Anti-body Tests Revolutionise Fight Against Coronavirus

As the world battles to overcome COVID-19, we have moved a step closer to managing the pandemic that’s swept the world. In addition to searching for an effective vaccine, scientists have been working tirelessly to develop an anti-body test that can accurately confirm whether someone has previously contracted the virus. 

Now available in a number of countries, these anti-body tests are proving crucial to recovery plans for countries that are still imposing lockdown restrictions. When tests can confirm who has had the virus and, therefore, who is most likely to be immune or resistant to subsequent COVID-19 infections, lockdown measures can be changed substantially. 

If a significant proportion of the population have already developed some form of natural immunity by fighting the virus, for example, it’s likely to be safer to end lockdown and allow people to return to their day-to-day activities. While millions of people remain uninfected, however, restrictive lockdown measures must remain in place to ensure their safety. 

Until now, only testing for active coronavirus infections have been available. While these tests are essential to confirm whether someone is battling COVID-19 or not, they don’t prove whether someone has previously contracted the virus and recovered from it. Furthermore, their limited availability has meant that their use has been restricted to critically ill patients and essential workers. 

With millions around the world potentially already having had the virus in a mild form, anti-body tests will help to indicate how far we’ve come in overcoming the pandemic. While the news that accurate anti-body tests are now widely available in many countries is to be celebrated, research laboratories, government organisations and private companies are still stepping up their activities to ensure testing can be carried out swiftly. 

Who will receive the anti-body test?

Currently, guidelines in the UK state that anyone over the age of 5 can take the anti-body test. The availability of the tests may, however, mean that there’s a wait to actually undergo testing. In addition to this, any backlog in the processing of tests will mean people are waiting weeks to receive their results. With potential lockdown measures so closely linked to the trends shown in anti-body test results, it’s essential that all available resources are diverted so that testing can take place on a mass scale.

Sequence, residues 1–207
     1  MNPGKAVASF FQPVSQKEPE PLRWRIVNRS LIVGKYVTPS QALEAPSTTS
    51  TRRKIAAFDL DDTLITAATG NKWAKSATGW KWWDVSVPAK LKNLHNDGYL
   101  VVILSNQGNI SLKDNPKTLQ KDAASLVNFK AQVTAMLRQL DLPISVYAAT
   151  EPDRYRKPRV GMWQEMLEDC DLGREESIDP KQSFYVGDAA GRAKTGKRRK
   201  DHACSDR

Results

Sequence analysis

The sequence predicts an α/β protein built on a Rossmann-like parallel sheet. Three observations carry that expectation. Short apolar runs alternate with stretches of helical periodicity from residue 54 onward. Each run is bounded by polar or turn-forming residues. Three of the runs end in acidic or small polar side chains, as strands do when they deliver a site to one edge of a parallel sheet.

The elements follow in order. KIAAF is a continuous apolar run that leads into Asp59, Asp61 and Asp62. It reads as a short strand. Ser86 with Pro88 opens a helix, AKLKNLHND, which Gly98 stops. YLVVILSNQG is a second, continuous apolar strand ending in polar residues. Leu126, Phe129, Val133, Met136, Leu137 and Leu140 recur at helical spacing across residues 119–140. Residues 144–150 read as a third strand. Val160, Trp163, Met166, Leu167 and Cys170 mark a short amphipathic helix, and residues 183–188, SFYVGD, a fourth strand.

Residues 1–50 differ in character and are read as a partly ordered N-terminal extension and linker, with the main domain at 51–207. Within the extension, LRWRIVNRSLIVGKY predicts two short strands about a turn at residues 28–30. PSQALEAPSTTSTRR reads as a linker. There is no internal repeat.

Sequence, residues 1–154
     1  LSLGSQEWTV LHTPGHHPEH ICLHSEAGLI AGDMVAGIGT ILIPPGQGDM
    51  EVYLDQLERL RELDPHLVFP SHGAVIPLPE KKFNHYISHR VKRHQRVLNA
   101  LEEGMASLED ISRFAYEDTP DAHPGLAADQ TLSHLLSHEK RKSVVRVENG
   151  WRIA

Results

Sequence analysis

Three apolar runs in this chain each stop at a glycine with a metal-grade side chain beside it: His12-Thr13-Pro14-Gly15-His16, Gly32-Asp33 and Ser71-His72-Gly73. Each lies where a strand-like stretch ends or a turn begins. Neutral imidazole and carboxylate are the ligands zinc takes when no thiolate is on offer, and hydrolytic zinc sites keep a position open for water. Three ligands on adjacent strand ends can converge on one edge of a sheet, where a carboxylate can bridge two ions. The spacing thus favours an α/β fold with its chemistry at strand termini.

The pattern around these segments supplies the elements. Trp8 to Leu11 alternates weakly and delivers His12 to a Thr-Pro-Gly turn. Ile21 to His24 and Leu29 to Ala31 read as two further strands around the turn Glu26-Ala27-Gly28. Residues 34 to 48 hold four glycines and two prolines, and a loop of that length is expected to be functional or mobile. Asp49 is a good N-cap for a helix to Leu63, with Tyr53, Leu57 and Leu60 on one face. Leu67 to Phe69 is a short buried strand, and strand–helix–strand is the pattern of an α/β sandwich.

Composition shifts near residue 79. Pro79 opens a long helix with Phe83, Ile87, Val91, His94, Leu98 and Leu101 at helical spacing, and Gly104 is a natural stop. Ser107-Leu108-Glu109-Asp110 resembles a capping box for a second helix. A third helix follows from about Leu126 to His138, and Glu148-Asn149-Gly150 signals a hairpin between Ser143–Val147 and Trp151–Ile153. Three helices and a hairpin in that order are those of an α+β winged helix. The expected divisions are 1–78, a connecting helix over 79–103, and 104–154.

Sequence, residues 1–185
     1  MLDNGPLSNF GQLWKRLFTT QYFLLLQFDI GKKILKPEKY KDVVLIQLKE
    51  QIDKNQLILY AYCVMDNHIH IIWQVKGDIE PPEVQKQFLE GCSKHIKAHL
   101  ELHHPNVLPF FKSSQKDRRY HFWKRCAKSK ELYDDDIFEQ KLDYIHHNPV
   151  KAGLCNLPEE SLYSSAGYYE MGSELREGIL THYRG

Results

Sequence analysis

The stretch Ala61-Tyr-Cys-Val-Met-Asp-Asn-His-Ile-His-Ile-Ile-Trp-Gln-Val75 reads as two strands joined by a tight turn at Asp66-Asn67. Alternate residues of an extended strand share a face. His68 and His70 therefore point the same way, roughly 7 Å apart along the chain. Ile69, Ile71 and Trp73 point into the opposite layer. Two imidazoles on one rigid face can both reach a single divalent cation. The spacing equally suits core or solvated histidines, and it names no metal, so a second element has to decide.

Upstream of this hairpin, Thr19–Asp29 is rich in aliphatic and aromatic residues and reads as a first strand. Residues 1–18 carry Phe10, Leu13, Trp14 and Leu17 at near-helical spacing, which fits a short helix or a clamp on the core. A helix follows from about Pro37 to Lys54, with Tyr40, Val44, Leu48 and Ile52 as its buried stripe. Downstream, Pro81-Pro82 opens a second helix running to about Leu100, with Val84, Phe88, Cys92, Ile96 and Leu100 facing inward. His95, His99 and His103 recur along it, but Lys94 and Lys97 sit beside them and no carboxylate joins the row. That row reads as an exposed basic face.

Fortunately, laboratories, research areas and government buildings are transforming their surroundings to increase the number of tests that can be processed. With same-day medical refrigeration hire, for example, the extra facilities needed to store samples safely and securely can be accessed quickly and easily. Similarly, the willingness of retired or ex-researchers, doctors and scientists to return to the frontline has meant that processing tests can be carried out much more rapidly. 

While it may take some time for everyone who wants to take an anti-body test to be able to access one, the UK government is committed to providing people with their results within five working days. Using an influx of emergency resources to deliver on this promise, a large proportion of the population can be tested and given their results within a matter of days. Based on this, there could be drastic changes to the current lockdown restrictions, depending on what the evidence shows following analysis of the anti-body tests. 

Can you get COVID-19 twice?

As research is still on-going, there is no definitive answer as to whether you can contract COVID-19 more than once. We do know that the virus mutates, however, in a similar way to influenza. If you’ve had one strain of COVID-19, it’s possible, therefore, that you could contract a different strain if you were exposed to it. 

With much still to be learned about COVID-19, doctors are currently unable to confirm whether it’s possible to contract the virus twice. Evidence to date suggests that the virus may live within some patients for far longer than others, even if they’re not showing any signs of symptoms. This means that determining whether someone has recovered and contracted the virus again or simply hasn’t overcome it could be tricky. 

While a positive anti-body test won’t confirm that you’re immune to COVID-19, it will show that your body has the anti-bodies ready to fight the infection. Presuming COVID-19 works in a similar way to other viruses, having the anti-bodies in your system should theoretically make it easier for your body to fight the virus if re-infection is possible.

Although coronavirus has had a devastating impact around the globe, this latest milestone in the fight against COVID-19 is indicative of us taking positive steps to overcome the threats the virus poses. As such, we’re one step closer to easing lockdown measures and a whole lot nearer to knowing everything we need to about COVID-19.